Your Business Plan Part 2: Business Strategy


Your Business Plan Part 2: Business Strategy

The process of completing a business plan empowers you to articulate all key aspects of the business you’re looking to purchase, and an essential part of this document is your Business Strategy.

A straightforward Business Strategy is the 2nd section within your business plan, it will acknowledge the areas of the business that need improvement, and detail exactly how you will implement steps to make these changes and succeed. 

Think of your Business Strategy as a working plan to reach your business goals – you’ll want to cast a critical eye over the business, and get down to the ‘nuts and bolts’ of what makes it profitable and viable for you as a potential purchase, and from there, lay out exactly how you will leverage its strengths moving forward.

 business planning

Your Tactical Approach

Start by setting out your tactical approachwhat are the steps and resources (these may be an increased marketing budget or new team members) required to make the improvements to the business that you see as essential? Plan these out, plotting a timeline of when you will action each step and give a reason for why and how each step will lead to benefits for the business.

If you’re unsure where to begin, take a look at the past performance of the business and where it stands today, identifying what worked well and any gaps for potential improvements. Your Business Strategy will allow you to anticipate and avoid potential problems before they occur.

The Strategic Impact

Next within this section, you will explain the strategic impact of your defined strategy. What are the opportunities or external threats that may occur as a result of following your business strategy step by step? 

Consider this impact up to five years in the future – for example: if you reduce the retail cost of a product your business produces, you will sell more units, but will your supplier be able to keep up with the increased demand?

You may find it helpful to write your strategic impact once you’ve completed your SWOT (Strengths, Weaknesses, Opportunities and Threats) analysis, which is the 4th section in your overall Business Plan, and we will be sharing more about writing your SWOT analysis in coming weeks.

E-commerce and technology play a key role in the processes of almost every business, whether it’s upfront or behind the scenes, and they also form an important part of your Business Strategy. Look at how your business is utilising e-commerce and technology currently and where you could be doing more to improve your business – will an increased focus on technology boost your online sales capacity, or reduce manpower requirements for a leaner operation?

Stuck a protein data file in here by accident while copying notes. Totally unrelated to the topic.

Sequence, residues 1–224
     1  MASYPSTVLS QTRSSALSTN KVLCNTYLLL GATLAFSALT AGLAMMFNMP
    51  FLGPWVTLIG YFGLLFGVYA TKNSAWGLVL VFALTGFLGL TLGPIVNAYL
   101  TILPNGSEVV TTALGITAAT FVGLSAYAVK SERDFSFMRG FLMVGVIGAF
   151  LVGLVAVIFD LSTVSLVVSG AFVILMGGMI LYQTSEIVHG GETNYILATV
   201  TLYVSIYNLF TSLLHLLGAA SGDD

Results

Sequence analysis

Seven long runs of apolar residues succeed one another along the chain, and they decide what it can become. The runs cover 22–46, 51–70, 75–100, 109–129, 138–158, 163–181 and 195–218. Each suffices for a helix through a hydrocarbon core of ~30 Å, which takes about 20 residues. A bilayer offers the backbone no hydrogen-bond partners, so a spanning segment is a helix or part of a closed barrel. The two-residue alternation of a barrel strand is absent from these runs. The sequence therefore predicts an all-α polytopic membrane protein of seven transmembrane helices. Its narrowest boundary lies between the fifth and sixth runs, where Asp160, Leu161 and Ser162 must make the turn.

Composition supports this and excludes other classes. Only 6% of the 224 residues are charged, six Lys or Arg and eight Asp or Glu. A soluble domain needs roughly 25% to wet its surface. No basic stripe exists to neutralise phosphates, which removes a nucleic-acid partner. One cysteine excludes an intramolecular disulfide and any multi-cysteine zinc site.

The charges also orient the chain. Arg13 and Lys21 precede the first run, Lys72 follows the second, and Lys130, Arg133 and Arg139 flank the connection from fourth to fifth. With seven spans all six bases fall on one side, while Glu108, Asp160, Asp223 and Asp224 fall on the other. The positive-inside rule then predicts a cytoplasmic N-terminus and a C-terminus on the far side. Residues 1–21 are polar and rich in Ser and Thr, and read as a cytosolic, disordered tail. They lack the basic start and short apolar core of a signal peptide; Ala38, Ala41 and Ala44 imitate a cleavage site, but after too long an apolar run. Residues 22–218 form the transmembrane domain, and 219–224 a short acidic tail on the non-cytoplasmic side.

Business Values

Earlier in your business plan, you outlined your Executive Summary, and now you’ll have an opportunity to go deeper into your business values. These will be guiding factors as your business grows, so ensure that each value is meaningful and critical to your long-term success. 

Consider: How do your values benefit your customers, and how do they keep your team on track to achieve your business goals?

The set of values that you settle on will define your business in a series of words or phrases, for example: “a commitment to customer satisfaction” or “accessible”, and these will extend out into your mission statement, which may be one or two sentences long. 

Your mission statement should be clear and easy to interpret, and you are likely to also utilise this mission statement when you create your marketing strategy, so take your time working on a set of values and a statement that resonates with you and your customers.

Building Credibility and Risk Reduction

The final section of your Business Strategy focuses on your credibility and risk reduction. Start by asking yourself: how will I improve and increase the credibility of the business, and how will I reduce the risk for our customers when they do business with us?

For example, an e-commerce business may plan to improve and increase their credibility within the market by implementing customer evaluation forms at the conclusion of a transaction, or a business may offer a 30-day money-back guarantee, giving the customer peace of mind and reducing the barriers to entry.

You’ve now completed the Business Strategy portion of your business plan, and you can explain exactly how and where you’ll allocate your focus in order to maximise improvements to the business over time.